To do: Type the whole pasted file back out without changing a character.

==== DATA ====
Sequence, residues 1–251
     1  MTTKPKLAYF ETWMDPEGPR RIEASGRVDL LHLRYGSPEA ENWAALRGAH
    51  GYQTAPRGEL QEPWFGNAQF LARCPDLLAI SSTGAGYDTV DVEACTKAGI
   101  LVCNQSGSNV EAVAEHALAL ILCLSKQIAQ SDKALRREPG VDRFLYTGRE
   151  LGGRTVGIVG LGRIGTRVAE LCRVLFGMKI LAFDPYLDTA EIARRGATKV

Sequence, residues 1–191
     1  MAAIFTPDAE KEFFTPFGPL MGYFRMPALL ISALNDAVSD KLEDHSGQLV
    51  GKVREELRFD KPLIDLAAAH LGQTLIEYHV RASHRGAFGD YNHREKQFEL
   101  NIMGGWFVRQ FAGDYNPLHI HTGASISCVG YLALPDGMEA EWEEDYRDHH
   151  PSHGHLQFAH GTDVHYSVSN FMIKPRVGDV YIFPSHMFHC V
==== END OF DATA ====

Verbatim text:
Sequence, residues 1–251
     1  MTTKPKLAYF ETWMDPEGPR RIEASGRVDL LHLRYGSPEA ENWAALRGAH
    51  GYQTAPRGEL QEPWFGNAQF LARCPDLLAI SSTGAGYDTV DVEACTKAGI
   101  LVCNQSGSNV EAVAEHALAL ILCLSKQIAQ SDKALRREPG VDRFLYTGRE
   151  LGGRTVGIVG LGRIGTRVAE LCRVLFGMKI LAFDPYLDTA EIARRGATKV

Sequence, residues 1–191
     1  MAAIFTPDAE KEFFTPFGPL MGYFRMPALL ISALNDAVSD KLEDHSGQLV
    51  GKVREELRFD KPLIDLAAAH LGQTLIEYHV RASHRGAFGD YNHREKQFEL
   101  NIMGGWFVRQ FAGDYNPLHI HTGASISCVG YLALPDGMEA EWEEDYRDHH
   151  PSHGHLQFAH GTDVHYSVSN FMIKPRVGDV YIFPSHMFHC V